When they get older logo

How caregivers can ensure a safe environment for those with memory loss

Making home safe for people with memory loss

Watching someone you love grapple with memory loss can be both terrifying and heartbreaking. Sometimes it can feel as if the person you knew is slipping away, and you may well find yourself assuming roles and responsibilities you never anticipated.

This often includes stepping up and stepping in to ensure the safety of your loved one when they are no longer able to do so themselves. However, when your loved one prefers to remain living independently in their own home, the safety challenges are often significantly amplified. So how do you keep your loved one healthy and safe while also respecting and honouring their independence?

Seeing the world through their eyes

If your loved one’s memory loss is the result of dementia or a related neurodegenerative disorder, it’s important to understand that their world probably looks far different than it appears to others. Dementias are often associated with profound perceptual changes that transform once comfortable and familiar environments into strange, confusing, and frightening spaces. Alzheimer’s and dementia care can be a difficult journey, but understanding the changes that come with the condition can help to make the experience more manageable.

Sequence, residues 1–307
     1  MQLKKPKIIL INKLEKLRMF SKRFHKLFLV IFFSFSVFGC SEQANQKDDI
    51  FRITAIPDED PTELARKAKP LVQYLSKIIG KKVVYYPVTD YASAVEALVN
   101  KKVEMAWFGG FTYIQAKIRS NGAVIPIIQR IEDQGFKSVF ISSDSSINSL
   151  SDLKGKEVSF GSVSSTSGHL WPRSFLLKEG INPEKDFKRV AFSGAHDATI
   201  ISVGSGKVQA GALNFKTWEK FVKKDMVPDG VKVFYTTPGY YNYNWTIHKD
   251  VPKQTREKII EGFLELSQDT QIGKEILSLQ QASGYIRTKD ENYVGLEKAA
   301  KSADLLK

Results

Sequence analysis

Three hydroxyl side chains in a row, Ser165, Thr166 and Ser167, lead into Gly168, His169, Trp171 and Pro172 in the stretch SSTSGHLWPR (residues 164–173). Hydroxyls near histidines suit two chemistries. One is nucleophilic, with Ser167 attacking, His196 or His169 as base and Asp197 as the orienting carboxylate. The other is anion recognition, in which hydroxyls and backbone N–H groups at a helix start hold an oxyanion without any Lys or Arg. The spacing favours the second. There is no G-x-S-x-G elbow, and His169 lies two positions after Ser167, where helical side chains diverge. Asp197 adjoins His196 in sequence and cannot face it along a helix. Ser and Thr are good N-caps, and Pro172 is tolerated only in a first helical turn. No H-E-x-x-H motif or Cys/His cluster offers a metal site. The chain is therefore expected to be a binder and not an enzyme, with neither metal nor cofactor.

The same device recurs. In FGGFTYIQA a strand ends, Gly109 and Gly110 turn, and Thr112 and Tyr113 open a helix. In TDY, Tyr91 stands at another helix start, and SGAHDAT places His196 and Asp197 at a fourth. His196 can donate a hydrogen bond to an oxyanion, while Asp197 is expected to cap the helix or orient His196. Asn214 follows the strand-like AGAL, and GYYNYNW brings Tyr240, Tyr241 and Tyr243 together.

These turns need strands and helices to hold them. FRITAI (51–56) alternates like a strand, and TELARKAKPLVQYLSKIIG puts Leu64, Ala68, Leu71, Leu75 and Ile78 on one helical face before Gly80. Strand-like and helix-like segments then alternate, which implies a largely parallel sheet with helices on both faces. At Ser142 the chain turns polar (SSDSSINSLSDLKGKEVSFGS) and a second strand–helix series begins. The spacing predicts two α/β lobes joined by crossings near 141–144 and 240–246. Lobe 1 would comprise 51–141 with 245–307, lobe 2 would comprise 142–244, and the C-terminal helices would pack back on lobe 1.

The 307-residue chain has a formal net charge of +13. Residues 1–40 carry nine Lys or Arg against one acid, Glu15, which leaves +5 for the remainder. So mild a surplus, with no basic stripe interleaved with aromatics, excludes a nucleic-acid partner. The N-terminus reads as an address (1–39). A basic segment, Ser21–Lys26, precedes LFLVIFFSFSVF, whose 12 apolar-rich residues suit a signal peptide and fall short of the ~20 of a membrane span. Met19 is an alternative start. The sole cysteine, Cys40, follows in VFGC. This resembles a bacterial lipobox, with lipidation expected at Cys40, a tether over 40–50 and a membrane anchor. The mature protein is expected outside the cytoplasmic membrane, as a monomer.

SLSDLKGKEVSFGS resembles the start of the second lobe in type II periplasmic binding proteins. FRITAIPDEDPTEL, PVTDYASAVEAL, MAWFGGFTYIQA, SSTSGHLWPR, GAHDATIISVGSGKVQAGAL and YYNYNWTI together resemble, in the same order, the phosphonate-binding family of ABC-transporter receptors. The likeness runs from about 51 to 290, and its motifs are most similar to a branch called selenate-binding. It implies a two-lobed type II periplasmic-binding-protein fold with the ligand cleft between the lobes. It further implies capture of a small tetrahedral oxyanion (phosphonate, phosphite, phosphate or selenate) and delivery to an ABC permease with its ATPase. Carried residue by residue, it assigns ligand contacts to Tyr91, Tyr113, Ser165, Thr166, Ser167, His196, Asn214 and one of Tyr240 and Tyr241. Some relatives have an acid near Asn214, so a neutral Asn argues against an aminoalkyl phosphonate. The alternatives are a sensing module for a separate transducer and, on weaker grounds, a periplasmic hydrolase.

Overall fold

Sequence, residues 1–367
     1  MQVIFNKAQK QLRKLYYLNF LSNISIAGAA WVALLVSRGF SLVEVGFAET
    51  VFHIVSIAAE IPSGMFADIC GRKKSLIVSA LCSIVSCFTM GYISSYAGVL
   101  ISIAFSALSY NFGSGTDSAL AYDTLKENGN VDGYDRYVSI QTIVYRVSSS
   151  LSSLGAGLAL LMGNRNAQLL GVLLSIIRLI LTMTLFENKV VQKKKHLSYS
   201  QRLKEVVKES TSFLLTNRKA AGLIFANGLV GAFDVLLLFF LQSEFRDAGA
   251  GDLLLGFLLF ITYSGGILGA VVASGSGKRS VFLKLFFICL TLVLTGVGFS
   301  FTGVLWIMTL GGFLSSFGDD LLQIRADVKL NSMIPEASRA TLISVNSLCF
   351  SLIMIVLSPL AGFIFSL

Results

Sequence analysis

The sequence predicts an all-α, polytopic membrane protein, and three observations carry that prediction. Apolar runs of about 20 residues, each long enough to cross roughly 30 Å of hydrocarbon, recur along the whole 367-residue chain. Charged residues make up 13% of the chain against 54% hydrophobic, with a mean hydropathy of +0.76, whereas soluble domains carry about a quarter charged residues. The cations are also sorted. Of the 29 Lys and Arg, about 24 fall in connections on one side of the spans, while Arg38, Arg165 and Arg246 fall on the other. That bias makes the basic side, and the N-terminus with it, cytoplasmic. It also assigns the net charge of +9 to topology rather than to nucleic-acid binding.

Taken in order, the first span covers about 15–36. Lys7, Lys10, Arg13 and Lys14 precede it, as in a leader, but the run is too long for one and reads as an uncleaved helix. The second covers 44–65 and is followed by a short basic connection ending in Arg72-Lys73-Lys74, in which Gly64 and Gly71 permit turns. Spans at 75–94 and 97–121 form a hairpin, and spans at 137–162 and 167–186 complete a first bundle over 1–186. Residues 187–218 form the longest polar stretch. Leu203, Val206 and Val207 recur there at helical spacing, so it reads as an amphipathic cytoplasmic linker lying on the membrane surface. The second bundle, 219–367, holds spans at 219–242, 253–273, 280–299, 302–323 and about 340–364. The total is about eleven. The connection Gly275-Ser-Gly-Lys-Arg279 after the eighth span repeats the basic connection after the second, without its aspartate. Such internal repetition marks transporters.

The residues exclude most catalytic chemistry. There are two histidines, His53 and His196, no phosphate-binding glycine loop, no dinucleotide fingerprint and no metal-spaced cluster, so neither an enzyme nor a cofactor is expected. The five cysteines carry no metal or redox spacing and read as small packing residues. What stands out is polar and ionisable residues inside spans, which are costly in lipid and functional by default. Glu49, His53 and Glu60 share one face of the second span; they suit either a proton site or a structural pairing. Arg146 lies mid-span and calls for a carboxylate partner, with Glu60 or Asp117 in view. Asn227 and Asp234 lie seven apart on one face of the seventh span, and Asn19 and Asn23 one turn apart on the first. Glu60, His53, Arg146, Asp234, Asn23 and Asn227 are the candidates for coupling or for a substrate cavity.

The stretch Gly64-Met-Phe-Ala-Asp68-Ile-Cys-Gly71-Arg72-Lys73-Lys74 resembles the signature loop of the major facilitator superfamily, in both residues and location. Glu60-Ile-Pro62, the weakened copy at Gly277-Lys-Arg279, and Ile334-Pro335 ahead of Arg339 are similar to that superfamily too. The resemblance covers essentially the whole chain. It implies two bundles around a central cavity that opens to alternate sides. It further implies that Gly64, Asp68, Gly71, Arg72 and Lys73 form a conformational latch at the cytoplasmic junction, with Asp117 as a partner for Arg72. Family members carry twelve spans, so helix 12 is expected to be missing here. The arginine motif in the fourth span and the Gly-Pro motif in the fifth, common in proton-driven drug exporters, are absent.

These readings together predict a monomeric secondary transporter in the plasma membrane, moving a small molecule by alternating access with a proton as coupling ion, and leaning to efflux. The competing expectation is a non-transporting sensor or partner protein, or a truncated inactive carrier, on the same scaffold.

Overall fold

This means that, if you want to help keep your loved one safe and independent in their home, the first step is to endeavour to understand how they see the world in general and their living space in particular.

For example, your loved one may no longer be able to recognize ordinary household objects for what they are, which can pose a potential hazard. They may forget, for instance, what household cleaning products are used for or may mistake them for food or beverages, potentially leading to an accidental poisoning.

On the other hand, your family member may be unable to see or notice objects in their environment, which can constitute a fall hazard.

To mitigate these risks, it’s important to ensure that you lock away any potentially harmful substances, such as medications, detergents, or household chemicals. You will also need to clear out the clutter to ensure that the environment is open, clean, and free of obstacles. Decorative storage containers are an ideal way to ensure that your loved one retains access to the items they need on a daily basis without being physically or perceptually overwhelmed by objects out of place.

Involving the community

As much as you may try to, it’s simply not realistic or even desirable to be always “on-call”. It’s imperative that caregivers have support, both for their sake and for the sake of their loved one.

Neighbours can be an invaluable asset in this regard, which is why cultivating strong relationships in the surrounding community is so important. Reach out to your loved one’s friends and neighbours. Apprise your family member’s neighbours of the situation and ask that they be alert to any signs of danger for your loved one. This is especially critical if your loved one has developed a tendency to wander, a common characteristic of dementia.